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Atenveldt Submissions (excerpted from the S.C.A. College of Arms' Letters of Acceptance and Return)

ATENVELDT REGISTRATIONS by the College of Arms, January 2004:

Amy Marie MacCormack. Name and device. Per chevron inverted vert and purpure, a chevron inverted embattled-counterembattled Or between a harp argent and a spaniel statant Or.

Note: Amy is her legal given name and Marie is her legal middle name.

Angus MacGregor of Argyll. Name and device. Azure semy of annulets, on a bend sinister Or three bull's heads cabossed palewise azure.

Anna Carye. Device. Per chevron azure and gules, on a pall inverted engrailed between two natural dolphins haurient embowed and a lighthouse argent six escallops palewise gules.

Bryon l'Ours d'Argent de Bourgogne. Badge. Per pale sable and gules, two bears combattant within an orle argent.

Cecily d'Abernon. Device. Azure, on a pale between two turtles argent three damask roses proper slipped and leaved vert.

The damask roses proper are drawn as naturalistic pink roses. The Letter of Intent cited the Pictorial Dictionary, which states that "When blazoned as a 'garden rose' or a 'damask rose', the rose is depicted as found in nature, the petals overlapping and slightly spread... a garden rose may not be blazoned 'proper', but must have its tinctures explicitly blazoned. (The exception is the 'damask rose', a breed attested in Elizabethan herbals; this variety was always pink, so a 'damask rose proper' is pink, slipped vert)." The commentary was consistent in feeling that we should no longer blazon charges as damask roses, since damask roses are garden roses, citing the following precedent: "The commentary is in, with a clear majority of commenters in favor of adopting Baron Bruce's proposal that we continue to accept garden roses in SCA armory, but simply blazon them as roses. As a consequence, we will immediately and henceforth blazon a rose, whether the default heraldic rose or the garden rose, as a rose" (Cover Letter with the November 1994 LoAR).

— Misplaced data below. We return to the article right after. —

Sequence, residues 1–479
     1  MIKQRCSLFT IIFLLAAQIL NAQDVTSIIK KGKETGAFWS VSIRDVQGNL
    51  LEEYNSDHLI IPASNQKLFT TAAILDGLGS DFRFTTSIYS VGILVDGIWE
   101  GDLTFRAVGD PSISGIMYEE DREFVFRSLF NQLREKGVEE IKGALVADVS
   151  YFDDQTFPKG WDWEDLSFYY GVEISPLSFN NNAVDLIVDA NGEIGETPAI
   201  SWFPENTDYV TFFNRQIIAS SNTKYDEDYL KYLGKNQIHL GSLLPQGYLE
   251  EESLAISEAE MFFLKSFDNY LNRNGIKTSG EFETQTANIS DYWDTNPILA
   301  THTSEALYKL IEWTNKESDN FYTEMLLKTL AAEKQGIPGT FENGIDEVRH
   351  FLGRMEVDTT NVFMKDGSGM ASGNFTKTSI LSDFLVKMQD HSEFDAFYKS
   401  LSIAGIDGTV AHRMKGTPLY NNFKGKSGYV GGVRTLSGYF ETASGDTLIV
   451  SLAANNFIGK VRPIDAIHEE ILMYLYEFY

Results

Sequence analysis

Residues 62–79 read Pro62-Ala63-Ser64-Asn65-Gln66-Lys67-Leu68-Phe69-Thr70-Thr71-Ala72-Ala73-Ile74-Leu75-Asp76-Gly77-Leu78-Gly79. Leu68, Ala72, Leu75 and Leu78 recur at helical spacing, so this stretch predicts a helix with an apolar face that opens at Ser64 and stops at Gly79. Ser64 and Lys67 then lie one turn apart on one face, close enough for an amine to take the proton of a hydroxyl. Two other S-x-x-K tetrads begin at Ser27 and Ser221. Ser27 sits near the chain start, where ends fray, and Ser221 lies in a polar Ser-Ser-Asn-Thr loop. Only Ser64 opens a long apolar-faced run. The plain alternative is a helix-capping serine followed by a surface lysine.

The commentary also took issue with the statement in the Pictorial Dictionary that the damask rose was "always pink": both the commentary and the researches of Wreath's staff indicated that damask roses in the Elizabethan period could be found in both pink and white forms. If a "garden rose" is just an artistic variant of a heraldic rose, and a damask rose is a garden rose, then the "damask rose proper" has a problem because heraldic roses may not be pink, as pink is not a heraldic tincture. Some commenters suggested that perhaps the pink roses could be considered a "light gules" but the color of these roses is too far from gules to be considered a "light gules" (and is, moreover, too far from argent to be considered a "dark argent.") The SCA has only registered three damask roses in its history. Of these three registrations, only one of them is still registered: one of the registrations was really gules, not pink (and was later reblazoned as gules) and another one was released.

Because the pink naturalistic damask rose is not found in period heraldry, is not compatible with period heraldry, and is not found with great frequency in existing SCA heraldry, it will no longer be registered as of the July Laurel meeting.

Corwin de Harfleur. Badge. Azure, five annulets interlaced in saltire and a bordure argent.

Donngal de Buchanan. Device. Vert, a double-headed eagle Or and a bordure embattled Or ermined vert.

Duncan Silverwolf McTyre. Badge. Per fess azure and vert, a boar statant to sinister argent within an orle of oak leaves stems outwards Or.

This submission was originally pended on the July 2003 LoAR.

Fáelán Cameron. Name and device. Per bend sinister azure and vert semy of wolf's pawprints Or, in dexter chief a wolf's head erased Or. Hrafn Bloodaxe. Name and device. Per chevron sable and argent, in base a double-bitted axe all within a bordure gules.